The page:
That left me just 36 hours to escape, or face two weeks of quarantine. And escape would require reaching the mountainous border station between Norway and Sweden, my country of residence.

A few years ago, when the virus spoken about locally was the one savaging the local salmon, the fishing industry set up a comprehensive infrastructure to test fish for viruses. Now, that infrastructure is serving local hospitals where a large number of humans are now being tested for the coronavirus.

In normal times, it’s easy to leave the archipelago. Here is where the iconic E10—the European highway connecting the Baltic Sea in Luleå (Sweden) with the Atlantic Ocean in Norway—ends dramatically on a cliff falling into the sea. Seventy years of European peace have made borders an afterthought as we freely traveled to the most remote parts of the continent. But this time, the odds are against me.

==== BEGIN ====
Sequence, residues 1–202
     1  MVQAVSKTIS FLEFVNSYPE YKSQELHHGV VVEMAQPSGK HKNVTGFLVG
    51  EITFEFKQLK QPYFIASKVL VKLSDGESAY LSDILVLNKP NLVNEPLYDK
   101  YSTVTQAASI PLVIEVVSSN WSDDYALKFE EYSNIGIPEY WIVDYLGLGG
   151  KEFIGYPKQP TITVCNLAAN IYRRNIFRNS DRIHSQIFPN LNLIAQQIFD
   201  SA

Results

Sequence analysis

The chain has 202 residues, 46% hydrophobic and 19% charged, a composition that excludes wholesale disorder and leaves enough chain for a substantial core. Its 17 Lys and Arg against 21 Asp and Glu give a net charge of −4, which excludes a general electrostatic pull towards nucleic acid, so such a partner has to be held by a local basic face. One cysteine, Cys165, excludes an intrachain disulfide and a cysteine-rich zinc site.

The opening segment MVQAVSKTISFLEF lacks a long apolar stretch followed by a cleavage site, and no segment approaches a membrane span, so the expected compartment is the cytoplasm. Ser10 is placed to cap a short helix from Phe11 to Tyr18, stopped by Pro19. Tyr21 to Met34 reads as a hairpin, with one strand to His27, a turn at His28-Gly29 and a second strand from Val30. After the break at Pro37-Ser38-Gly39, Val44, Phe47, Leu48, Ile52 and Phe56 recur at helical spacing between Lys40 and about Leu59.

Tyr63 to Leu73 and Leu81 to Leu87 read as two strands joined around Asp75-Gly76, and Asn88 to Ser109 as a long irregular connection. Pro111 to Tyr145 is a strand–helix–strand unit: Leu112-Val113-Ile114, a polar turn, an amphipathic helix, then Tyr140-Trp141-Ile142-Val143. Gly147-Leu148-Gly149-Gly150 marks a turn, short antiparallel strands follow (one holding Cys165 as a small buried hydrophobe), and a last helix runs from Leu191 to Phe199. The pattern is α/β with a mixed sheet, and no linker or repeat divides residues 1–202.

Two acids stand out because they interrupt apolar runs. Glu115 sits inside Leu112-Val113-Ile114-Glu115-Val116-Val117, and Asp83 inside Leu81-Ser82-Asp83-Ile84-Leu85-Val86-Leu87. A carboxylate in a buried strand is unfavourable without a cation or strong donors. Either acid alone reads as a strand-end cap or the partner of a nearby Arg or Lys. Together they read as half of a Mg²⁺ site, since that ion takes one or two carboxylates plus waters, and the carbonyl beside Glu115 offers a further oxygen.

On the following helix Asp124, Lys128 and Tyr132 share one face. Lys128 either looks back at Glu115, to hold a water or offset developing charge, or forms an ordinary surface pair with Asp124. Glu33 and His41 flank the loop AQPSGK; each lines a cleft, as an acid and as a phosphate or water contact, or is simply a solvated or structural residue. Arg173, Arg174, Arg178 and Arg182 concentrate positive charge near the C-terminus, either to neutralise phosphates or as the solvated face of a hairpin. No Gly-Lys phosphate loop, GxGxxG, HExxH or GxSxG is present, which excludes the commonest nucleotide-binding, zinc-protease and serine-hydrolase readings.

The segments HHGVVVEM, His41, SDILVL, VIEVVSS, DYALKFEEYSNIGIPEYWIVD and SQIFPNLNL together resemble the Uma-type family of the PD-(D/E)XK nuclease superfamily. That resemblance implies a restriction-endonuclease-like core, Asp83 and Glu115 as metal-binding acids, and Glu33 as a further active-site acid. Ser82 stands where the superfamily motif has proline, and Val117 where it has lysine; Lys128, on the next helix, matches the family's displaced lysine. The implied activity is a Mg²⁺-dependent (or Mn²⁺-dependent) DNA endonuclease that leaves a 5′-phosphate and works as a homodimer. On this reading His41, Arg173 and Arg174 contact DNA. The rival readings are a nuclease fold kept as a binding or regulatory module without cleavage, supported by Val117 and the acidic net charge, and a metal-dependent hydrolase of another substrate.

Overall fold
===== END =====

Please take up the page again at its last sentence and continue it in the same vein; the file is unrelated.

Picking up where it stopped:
Going through a checklist of possible transportation options, I quickly realize that I need to be both innovative and lucky. Harsh winter storms have closed the highway and many of the very narrow roads across the islands. There are no trains that will go where I need. And the few propeller plane connections onto the mainland were either grounded because of the storm, or fully booked weeks ago.

Most of the time, crowds are the concern—National Geographic has ranked the Lofoten among the world’s most beautiful islands, and since 2010, a crush of tourists has confounded residents. “Last year we got 1 million visitors, that’s too much for our pristine archipelago,” said Mayor Solberg.

Still, while overtourism is an issue for the Lofoten, the bigger threat, for decades, has involved oil. Norwegians depend on royalties they received for their country’s oil production, and there have been longstanding plans to extend oil production fields into the far north. Young ecologists and senior fishermen have fought bitterly, and sometimes together, against such a move, which could threaten both the natural beauty and the lucrative fishing business.